Right now Orlan and Wildenstein are pretty close to kooks. But they could be harbingers. Our culture tries things on, takes things up, and just keeps going.
It’ll take awhile. But eventually your local bar could look like the one in Star Wars and not because it’s filled with aliens.
Excuse me. Molly believes this would be a good time to make the toys go. Oh, and another thing: Viva Portugal!
Kron, Joan. 1998. Lift. New York, N.Y: Viking.
Rosen, Christine 2004. The Democratization of Beauty.The New Atlantis. to be found here.
With thanks to Arts and Letters Daily
Weintraub, Linda. 1996. Art on the Edge and Over: Searching for arts meaning in contemporary society, 1970s-1990s. Litchfield: Art Insights, p. 79.
For more on Orlan:
Wildenstein details from:
Jeff Woloson to be found here
But isn’t the rise in tattoos, piercings, etc. a countertrend? It could be that the people who want to look more physically unusual simply aren’t using surgery as the means to that end.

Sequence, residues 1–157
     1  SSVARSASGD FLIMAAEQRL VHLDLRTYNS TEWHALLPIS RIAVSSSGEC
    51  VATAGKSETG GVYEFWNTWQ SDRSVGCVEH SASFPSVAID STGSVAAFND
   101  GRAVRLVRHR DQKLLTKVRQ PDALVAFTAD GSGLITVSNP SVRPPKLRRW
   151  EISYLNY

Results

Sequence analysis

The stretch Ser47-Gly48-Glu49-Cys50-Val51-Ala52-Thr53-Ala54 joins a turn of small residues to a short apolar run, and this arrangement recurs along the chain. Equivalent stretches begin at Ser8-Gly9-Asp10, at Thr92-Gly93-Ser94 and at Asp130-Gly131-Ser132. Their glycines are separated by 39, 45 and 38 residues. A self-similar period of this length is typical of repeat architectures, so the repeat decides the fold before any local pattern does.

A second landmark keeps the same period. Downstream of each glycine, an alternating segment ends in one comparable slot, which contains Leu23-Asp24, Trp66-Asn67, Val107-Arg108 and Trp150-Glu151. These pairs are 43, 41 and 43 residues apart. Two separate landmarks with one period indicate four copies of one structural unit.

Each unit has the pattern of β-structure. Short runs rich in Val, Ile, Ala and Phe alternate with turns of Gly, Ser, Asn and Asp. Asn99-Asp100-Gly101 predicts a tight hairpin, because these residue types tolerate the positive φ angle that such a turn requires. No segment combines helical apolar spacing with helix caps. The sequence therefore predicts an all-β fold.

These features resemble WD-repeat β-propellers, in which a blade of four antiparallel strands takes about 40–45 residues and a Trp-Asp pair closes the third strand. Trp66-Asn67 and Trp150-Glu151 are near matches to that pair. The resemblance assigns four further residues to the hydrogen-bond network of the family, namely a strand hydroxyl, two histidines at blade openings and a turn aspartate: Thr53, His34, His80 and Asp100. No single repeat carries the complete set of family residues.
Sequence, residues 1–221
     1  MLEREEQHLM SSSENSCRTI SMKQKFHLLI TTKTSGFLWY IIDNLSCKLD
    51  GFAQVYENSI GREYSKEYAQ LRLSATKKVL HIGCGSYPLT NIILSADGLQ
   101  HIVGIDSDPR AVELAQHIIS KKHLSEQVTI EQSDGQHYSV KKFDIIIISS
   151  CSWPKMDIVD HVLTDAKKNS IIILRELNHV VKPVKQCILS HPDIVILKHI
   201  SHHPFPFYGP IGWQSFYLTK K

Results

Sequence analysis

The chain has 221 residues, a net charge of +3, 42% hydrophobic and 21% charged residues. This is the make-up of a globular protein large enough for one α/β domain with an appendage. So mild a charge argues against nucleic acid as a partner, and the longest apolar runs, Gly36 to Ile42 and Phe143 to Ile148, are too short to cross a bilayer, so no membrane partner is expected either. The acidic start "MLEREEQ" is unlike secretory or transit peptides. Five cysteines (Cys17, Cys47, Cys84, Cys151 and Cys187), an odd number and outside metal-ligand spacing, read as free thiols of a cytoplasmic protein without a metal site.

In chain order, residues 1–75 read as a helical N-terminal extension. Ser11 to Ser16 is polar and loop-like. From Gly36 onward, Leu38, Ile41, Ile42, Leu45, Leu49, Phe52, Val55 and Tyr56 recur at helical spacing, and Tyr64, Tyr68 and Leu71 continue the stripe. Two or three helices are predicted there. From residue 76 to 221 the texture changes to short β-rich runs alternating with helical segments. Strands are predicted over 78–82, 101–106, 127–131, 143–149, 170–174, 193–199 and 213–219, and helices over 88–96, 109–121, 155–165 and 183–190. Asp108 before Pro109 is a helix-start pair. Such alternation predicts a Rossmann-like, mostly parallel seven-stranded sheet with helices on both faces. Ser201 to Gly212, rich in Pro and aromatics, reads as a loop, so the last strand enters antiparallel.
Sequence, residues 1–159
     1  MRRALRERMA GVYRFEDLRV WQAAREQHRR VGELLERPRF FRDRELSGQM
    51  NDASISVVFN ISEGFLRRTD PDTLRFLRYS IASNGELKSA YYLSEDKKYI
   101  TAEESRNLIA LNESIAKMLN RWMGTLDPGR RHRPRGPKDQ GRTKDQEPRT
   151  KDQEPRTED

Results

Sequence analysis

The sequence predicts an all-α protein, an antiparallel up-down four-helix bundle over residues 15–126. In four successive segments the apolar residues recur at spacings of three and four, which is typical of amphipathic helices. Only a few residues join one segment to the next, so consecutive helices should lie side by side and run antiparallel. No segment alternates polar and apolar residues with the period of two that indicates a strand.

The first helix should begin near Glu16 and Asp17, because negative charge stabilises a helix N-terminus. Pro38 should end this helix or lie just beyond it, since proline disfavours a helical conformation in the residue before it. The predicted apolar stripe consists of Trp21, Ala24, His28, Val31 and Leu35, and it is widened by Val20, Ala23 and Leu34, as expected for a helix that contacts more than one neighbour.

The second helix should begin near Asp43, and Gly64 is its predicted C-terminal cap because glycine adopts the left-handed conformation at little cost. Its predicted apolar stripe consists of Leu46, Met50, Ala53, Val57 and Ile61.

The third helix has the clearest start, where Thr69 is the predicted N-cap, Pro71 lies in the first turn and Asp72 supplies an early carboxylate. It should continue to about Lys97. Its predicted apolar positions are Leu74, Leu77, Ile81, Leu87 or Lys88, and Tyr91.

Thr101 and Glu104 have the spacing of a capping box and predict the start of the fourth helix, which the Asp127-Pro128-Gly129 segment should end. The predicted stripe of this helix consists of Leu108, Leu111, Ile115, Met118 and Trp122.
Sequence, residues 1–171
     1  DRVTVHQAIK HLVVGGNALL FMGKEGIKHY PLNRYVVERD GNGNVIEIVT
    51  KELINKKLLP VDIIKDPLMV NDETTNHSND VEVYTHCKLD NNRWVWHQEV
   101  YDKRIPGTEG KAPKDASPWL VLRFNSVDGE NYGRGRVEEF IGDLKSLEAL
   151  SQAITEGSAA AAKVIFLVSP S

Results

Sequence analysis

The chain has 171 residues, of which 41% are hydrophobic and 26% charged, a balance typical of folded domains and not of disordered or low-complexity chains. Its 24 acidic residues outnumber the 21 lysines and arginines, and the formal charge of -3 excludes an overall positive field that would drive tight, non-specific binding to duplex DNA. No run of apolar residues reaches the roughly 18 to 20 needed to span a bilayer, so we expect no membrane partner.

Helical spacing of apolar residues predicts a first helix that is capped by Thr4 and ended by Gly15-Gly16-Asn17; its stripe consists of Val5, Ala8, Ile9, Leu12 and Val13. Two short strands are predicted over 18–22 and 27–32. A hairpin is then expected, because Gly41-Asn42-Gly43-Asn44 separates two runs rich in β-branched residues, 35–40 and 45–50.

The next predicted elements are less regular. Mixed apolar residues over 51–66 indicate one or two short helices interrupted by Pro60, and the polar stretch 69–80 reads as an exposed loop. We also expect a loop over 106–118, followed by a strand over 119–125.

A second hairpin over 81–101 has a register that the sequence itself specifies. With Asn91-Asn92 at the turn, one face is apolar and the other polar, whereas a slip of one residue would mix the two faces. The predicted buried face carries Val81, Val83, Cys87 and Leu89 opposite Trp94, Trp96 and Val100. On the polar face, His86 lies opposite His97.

(A countertrend to the increase in generic plastic surgeries, I mean. Sorry, I somehow left out the part of the text that I was referring to.)
“Fashions often revert, but to be popular they modify. It could be
that a re-dressed doctrine of witchcraft will be the proper acceptance.
Come unto me, and maybe I’ll make you stylish. It is quite possible to
touch up beliefs that are now considered dowdy, and restore them to
fashionableness. I conceive of nothing, in religion, science, or
philosophy, that is more than the proper thing to wear, for a while.”
Your style of writing, the subjects you pick, and your views on them are a perfect blend. I savor this blog and will be linking permanently to it. Kudos.
Jesse, very good, the thing that troubles me about plastic surgery is that it is not very plastic. It makes for (some) spectacular transformations, but it demands “lock in.” The effects you are talking about are a little more dynamic. Thanks. Best, Grant